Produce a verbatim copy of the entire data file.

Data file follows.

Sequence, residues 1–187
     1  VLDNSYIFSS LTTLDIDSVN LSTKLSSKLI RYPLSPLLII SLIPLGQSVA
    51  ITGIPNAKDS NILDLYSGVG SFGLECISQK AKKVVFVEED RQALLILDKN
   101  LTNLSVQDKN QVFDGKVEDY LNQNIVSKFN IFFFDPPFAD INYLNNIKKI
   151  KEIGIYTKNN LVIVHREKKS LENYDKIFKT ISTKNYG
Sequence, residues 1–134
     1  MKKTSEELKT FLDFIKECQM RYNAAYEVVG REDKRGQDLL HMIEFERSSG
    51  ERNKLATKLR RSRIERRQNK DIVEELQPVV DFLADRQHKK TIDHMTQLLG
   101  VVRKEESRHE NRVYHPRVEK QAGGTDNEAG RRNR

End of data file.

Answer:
Sequence, residues 1–187
     1  VLDNSYIFSS LTTLDIDSVN LSTKLSSKLI RYPLSPLLII SLIPLGQSVA
    51  ITGIPNAKDS NILDLYSGVG SFGLECISQK AKKVVFVEED RQALLILDKN
   101  LTNLSVQDKN QVFDGKVEDY LNQNIVSKFN IFFFDPPFAD INYLNNIKKI
   151  KEIGIYTKNN LVIVHREKKS LENYDKIFKT ISTKNYG
Sequence, residues 1–134
     1  MKKTSEELKT FLDFIKECQM RYNAAYEVVG REDKRGQDLL HMIEFERSSG
    51  ERNKLATKLR RSRIERRQNK DIVEELQPVV DFLADRQHKK TIDHMTQLLG
   101  VVRKEESRHE NRVYHPRVEK QAGGTDNEAG RRNR